Dickens, A Christmas Carol, Christmas trees, markets, baubles and wreathes, wills, testamentary freedom, the Wills Act 1837, Court of Probate Act 1857 – all created by the Victorians almost 200 years ago.
Whether you prefer the Albert Finney or Jim Carey version of the classic tale of Ebenezer’s redemption, the backdrop of Victorian England is hard to miss. It is remarkable to think that the Wills Act that remains the foundation to our wills and probate law actually came into force 6 years before anyone had even heard of Jacob Marley. The 1837 and 1857 Acts reformed the confusing laws that existed before and importantly created the central probate court that has evolved to become what it is today. The law got serious in an attempt to organise the mess.
And yet wills were not commonplace even after the 1837 Act as most families had nothing to leave to anyone on their death. Having something to pass on marked you out as a success – of nobler position. And so that particularly British fascination with inheritance was born – it started off as curiosity as to how much someone was worth on death, who they left their money to and who they didn’t. Everyone enjoyed the shocking tales of disinherited children, secret and half-secret trusts hiding the guineas of the monied philanderers to be given later to their secret lovers and illegitimate children. It was salacious stuff and perfect material for the newspapers of the time.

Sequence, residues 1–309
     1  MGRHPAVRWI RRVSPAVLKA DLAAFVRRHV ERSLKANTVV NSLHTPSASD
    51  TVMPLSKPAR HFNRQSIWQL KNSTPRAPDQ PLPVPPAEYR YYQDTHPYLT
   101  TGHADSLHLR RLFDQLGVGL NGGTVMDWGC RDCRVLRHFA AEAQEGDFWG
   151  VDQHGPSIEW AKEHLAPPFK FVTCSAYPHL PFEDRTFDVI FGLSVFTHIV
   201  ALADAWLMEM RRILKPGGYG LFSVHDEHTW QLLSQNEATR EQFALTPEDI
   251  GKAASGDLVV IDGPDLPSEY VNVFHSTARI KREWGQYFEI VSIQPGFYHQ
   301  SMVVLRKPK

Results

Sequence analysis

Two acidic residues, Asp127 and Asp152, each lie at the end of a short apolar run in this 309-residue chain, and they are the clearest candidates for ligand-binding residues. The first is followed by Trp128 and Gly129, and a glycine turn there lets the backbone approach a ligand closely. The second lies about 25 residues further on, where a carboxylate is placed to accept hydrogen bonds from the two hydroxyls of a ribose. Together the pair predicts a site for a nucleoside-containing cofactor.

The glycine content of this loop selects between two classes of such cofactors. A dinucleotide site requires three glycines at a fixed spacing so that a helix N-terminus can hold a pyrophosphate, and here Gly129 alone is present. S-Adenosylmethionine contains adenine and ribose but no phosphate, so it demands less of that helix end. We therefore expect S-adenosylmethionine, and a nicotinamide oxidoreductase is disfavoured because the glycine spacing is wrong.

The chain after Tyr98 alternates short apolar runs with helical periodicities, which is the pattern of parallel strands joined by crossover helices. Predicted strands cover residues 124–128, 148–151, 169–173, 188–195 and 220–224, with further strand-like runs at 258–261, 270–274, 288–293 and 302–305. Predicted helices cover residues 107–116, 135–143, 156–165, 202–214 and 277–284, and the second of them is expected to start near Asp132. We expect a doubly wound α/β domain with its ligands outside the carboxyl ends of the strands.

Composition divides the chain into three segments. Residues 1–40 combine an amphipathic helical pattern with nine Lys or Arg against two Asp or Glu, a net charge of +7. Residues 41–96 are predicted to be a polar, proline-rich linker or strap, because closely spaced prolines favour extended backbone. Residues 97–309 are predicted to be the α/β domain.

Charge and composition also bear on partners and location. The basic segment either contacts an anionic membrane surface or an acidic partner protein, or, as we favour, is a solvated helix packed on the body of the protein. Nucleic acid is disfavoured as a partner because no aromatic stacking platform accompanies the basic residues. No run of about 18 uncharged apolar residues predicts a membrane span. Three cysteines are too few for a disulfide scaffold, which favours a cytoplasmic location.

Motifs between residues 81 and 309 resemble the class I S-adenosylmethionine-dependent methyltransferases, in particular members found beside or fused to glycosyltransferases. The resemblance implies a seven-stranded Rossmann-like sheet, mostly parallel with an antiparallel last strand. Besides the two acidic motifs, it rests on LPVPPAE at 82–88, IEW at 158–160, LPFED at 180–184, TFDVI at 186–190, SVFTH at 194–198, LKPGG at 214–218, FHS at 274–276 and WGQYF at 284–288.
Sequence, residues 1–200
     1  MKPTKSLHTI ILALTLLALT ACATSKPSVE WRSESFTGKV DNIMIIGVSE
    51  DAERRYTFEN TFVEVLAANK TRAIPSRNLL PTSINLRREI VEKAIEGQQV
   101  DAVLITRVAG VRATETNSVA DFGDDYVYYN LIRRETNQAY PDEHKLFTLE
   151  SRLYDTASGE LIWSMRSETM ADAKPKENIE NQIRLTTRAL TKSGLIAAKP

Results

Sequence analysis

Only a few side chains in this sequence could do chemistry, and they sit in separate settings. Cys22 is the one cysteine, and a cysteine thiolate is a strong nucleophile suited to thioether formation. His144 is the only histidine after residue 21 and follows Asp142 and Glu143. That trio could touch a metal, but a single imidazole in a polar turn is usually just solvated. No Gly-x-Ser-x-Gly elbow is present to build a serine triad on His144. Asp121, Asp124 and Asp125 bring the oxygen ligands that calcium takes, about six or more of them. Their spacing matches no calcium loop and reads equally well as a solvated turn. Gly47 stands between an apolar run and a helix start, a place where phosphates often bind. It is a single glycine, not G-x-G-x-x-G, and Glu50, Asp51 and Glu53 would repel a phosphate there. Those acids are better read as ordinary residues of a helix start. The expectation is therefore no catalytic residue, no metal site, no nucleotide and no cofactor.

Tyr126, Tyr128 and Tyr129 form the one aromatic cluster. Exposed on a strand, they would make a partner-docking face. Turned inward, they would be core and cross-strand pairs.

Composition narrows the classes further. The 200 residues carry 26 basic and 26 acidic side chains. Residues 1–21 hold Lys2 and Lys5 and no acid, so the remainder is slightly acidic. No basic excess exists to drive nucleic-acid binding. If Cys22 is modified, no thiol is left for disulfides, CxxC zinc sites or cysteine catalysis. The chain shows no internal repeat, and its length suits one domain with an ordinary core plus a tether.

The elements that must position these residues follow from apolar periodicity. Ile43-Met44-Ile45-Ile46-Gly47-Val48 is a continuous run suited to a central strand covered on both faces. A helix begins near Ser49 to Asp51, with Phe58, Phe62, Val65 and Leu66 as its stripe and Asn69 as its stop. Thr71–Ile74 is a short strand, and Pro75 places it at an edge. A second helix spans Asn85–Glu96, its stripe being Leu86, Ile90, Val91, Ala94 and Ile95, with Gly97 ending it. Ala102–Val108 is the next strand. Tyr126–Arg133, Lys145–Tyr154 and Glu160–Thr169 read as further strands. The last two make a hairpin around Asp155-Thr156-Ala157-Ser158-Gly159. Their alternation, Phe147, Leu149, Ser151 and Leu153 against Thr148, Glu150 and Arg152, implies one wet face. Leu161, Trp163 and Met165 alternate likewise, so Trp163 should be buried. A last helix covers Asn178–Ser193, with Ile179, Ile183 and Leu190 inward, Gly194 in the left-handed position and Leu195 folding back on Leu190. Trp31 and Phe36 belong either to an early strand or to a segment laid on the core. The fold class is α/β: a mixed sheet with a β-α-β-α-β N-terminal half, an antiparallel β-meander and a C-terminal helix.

Whilst the backdrop of A Christmas Carol is barely recognisable to us today, the sentiment and human condition is perhaps not so different? Are the inheritance cases that we deal with today very different to those of 200 years ago? Our newspapers are still filled with the stories of families torn apart, wills forged, spouses and children disinherited, second families, DNA tests – there may be more wills being written now (still less than 40% of the population) but the wealth at stake is greater now than at any time in history.
Whilst the elite Victorian socialites lived off their anticipated family inheritance, in current times many more families live a life in expectation of a windfall inheritance to clear their debt or pay for their own retirement.
It seems to me that perhaps not much has changed at all? Or maybe I am completely wrong – it could be a ‘an undigested bit of beef, a blot of mustard, a crumb of cheese, a fragment of underdone potato*…‘
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*A Christmas Carol by Charles Dickens.